It's that time of year where it seems like there's at least one big fan convention going on every weekend somewhere in the country. Whether you're planning to head to New Jersey for the Steampunk World's Fair later this month or counting down for San Diego Comic-Con in July, there are a few essentials you'll need to bring with you.
On Tuesday, I asked my fellow con-goers on Twitter and Facebook what's the one thing they have to bring to a convention. The responses were varied. Some people pointed to a few good checklists available online, like this one that goes back to 2000 as well as one from Fanboy Comics. Parenting Geekly has a great list for those intending on bring kids to the con. Also, if you're going to SDCC, I suggest picking up a copy of Doug Kline's book, The Unauthorized San Diego Comic-Con Survival Guide, which covers everything from parking to the line at Hall H.
Our respondents' answers ranged from personal hygiene necessities to personal technology musts. Check out the list below and add your own must-have items in the comment section.
My Twitter bio reads “gets sunburn at comic book conventions.” To be more accurate, I've also acquired a few nasty burns at anime and video game conventions. My problem isn't forgetting sunscreen — I apply it every morning. Instead, it's a matter of forgetting to reapply sunscreen. I'll often think, “It's just a short walk from 7th & Fig to the Convention Center” or “I won't need to trek 20 blocks back to the hotel before sunset.” I learned the painful, peeling way — always carry sunscreen in your bag.
L.A. Weekly writer Nicole Campos agrees on bringing sunscreen. You don't know, she tweets, when you “might end up standing in a parking lot for two hours waiting for Hugh Jackman to show up.”
Several people mentioned that they don't venture into a con without a camera. “You don't have to be a professional photographer to capture great moments during conventions,” says Dianne Garcia, co-host of the podcast Defective Geeks and an L.A. Weekly writer. “You never know who you will run into, whether it be a favorite artist, writer or, if you're at San Diego Comic-Con, a celebrity.”
If you haven't been to a convention before, you may not realize that a Sharpie is one of the most important things you can have in your kit. A couple people mentioned the thick, inky marker by name.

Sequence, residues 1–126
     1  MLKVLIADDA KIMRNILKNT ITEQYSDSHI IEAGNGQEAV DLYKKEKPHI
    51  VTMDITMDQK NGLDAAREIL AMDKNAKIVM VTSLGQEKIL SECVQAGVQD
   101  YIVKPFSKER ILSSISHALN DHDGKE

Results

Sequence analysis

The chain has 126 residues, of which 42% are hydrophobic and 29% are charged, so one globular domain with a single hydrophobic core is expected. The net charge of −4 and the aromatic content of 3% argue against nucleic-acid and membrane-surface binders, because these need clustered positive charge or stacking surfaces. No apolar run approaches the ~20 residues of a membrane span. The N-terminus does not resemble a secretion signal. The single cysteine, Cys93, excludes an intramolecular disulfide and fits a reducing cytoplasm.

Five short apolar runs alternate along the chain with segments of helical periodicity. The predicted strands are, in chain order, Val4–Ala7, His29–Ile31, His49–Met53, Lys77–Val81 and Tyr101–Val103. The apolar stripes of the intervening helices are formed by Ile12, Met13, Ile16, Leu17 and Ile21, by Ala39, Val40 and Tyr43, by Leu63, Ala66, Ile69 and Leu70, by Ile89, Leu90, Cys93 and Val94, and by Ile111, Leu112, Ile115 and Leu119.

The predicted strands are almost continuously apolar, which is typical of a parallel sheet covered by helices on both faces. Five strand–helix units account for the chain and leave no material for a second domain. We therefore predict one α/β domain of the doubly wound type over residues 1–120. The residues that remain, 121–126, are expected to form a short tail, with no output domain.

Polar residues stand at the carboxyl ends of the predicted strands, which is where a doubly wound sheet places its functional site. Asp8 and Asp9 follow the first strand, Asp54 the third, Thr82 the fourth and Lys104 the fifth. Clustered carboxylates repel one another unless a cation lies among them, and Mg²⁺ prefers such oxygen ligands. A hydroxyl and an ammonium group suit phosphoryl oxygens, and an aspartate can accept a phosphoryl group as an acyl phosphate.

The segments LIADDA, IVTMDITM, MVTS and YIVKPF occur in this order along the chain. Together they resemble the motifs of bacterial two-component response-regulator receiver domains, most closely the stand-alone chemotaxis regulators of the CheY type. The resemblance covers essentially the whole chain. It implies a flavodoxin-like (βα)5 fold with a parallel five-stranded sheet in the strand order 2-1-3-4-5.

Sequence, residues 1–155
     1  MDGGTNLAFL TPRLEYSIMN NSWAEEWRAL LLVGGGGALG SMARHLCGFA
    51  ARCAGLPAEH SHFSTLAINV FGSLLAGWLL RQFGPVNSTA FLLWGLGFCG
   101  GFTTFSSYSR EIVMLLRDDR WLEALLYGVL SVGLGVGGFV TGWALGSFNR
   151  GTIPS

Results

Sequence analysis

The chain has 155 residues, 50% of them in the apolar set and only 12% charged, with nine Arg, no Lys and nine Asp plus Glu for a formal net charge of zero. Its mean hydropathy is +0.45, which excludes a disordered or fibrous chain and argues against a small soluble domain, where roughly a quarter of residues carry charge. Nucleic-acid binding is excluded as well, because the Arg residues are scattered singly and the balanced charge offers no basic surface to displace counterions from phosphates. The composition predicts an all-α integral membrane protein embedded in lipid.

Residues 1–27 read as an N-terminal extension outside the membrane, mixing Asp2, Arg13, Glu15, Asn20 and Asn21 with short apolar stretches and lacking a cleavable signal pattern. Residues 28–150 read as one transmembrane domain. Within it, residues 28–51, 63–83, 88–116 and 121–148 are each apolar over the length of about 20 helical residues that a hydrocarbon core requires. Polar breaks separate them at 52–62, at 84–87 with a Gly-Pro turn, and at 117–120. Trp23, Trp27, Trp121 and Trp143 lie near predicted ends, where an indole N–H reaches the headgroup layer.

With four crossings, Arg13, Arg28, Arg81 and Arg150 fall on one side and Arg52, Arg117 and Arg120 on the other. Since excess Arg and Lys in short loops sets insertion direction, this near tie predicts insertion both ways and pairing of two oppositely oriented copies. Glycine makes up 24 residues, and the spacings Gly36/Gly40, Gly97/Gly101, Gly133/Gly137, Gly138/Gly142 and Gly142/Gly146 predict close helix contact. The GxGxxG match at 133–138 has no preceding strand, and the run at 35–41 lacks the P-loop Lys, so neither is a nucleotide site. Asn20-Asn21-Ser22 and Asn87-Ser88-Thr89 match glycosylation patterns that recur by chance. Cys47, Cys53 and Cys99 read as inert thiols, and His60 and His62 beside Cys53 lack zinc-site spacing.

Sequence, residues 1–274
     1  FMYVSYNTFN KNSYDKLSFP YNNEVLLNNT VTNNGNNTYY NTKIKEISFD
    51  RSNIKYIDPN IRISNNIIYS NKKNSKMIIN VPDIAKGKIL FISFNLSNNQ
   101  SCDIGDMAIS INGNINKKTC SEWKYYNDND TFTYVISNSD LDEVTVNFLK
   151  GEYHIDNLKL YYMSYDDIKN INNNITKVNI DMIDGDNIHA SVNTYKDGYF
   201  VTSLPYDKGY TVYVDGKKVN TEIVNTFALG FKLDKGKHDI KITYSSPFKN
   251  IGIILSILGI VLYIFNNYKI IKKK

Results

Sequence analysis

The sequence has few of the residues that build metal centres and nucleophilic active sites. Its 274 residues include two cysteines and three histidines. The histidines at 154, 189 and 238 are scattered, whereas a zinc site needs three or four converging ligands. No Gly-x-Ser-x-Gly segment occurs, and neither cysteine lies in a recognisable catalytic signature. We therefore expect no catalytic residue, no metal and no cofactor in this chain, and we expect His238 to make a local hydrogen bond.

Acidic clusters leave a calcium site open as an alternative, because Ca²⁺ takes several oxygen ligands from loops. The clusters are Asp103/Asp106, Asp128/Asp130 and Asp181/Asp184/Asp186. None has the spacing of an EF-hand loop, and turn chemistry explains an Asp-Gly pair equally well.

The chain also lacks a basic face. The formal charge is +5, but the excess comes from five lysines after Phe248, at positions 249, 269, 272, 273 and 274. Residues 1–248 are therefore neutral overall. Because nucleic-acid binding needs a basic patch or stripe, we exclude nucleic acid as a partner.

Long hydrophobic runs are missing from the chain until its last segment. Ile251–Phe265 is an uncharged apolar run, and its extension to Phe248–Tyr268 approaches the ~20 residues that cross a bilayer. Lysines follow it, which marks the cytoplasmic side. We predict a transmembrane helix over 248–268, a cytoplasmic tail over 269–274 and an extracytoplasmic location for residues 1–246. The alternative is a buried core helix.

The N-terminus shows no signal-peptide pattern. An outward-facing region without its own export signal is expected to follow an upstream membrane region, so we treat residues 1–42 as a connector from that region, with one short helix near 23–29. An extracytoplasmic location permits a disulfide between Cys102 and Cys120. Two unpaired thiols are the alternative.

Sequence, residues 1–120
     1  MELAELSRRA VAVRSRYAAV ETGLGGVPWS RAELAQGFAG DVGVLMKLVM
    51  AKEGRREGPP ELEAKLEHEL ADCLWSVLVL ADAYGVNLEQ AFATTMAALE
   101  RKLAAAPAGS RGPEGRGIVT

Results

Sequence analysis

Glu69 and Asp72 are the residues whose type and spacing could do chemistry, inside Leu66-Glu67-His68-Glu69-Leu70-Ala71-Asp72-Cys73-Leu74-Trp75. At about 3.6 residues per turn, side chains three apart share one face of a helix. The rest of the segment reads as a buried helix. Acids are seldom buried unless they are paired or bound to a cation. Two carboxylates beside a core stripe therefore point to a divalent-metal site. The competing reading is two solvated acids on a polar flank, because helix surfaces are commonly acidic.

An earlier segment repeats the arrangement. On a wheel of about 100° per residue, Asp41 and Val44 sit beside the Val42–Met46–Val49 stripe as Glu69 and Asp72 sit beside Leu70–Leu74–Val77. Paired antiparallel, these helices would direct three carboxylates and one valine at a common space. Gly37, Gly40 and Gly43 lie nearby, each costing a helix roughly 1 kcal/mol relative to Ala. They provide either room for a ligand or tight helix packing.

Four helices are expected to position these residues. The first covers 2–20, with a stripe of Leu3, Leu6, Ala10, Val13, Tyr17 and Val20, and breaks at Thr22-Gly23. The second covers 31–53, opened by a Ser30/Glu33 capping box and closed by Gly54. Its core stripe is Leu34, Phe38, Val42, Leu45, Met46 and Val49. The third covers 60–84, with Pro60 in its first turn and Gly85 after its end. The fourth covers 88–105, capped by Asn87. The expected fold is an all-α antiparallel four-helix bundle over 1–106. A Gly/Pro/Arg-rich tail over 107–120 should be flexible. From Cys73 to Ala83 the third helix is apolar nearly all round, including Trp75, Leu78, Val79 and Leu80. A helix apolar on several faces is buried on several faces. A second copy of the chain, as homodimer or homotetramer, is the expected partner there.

“A Sharpie is essential because you never know when you can spot a celebrity who is willing to give you an autograph on the spot,” says Paula Angeles, director of marketing and community outreach for L.A. convention Pacific Media Expo. “Also, it's great to write random notes or numbers on your program guide, especially when the guide is glossy and a pen just won't do.” If you're like Paula and you work at a convention, you'll want to have the Sharpie for all those last-minute signs, too.
11. Food and drinks
If there's one truth about conventions, it's that the food inside the convention center or hotel will be expensive. I usually carry a small bottle of my preferred soft drink in my bag. Smarter people also carry food, the most popular item being the almighty protein bar.
“I have to always carry a protein bar at a con because I'm so distracted by the awesome, I forget to eat,” says actor Yuri Lowenthal. “But I need energy to experience the awesome!”
If you're staying at a convention, bring some goodies with you. Find out beforehand if your room has a fridge and shop accordingly. A few people also mentioned bringing your own alcohol, which can help save money that you would otherwise blow at the bar.
10. Anti-stench tools
It might come as a shock to some people that more than one person mentioned deodorant as a convention essential. Shouldn't that be a given? However, if you've ever been inside a packed exhibit hall on the last day of the convention, then you know the smell can be pungent. This isn't something that's exclusive to the geek scene — in fact, music festivals and summer subway rides can be worse. It's hot and you're sharing a space that's overflowing with people. It's going to smell funky.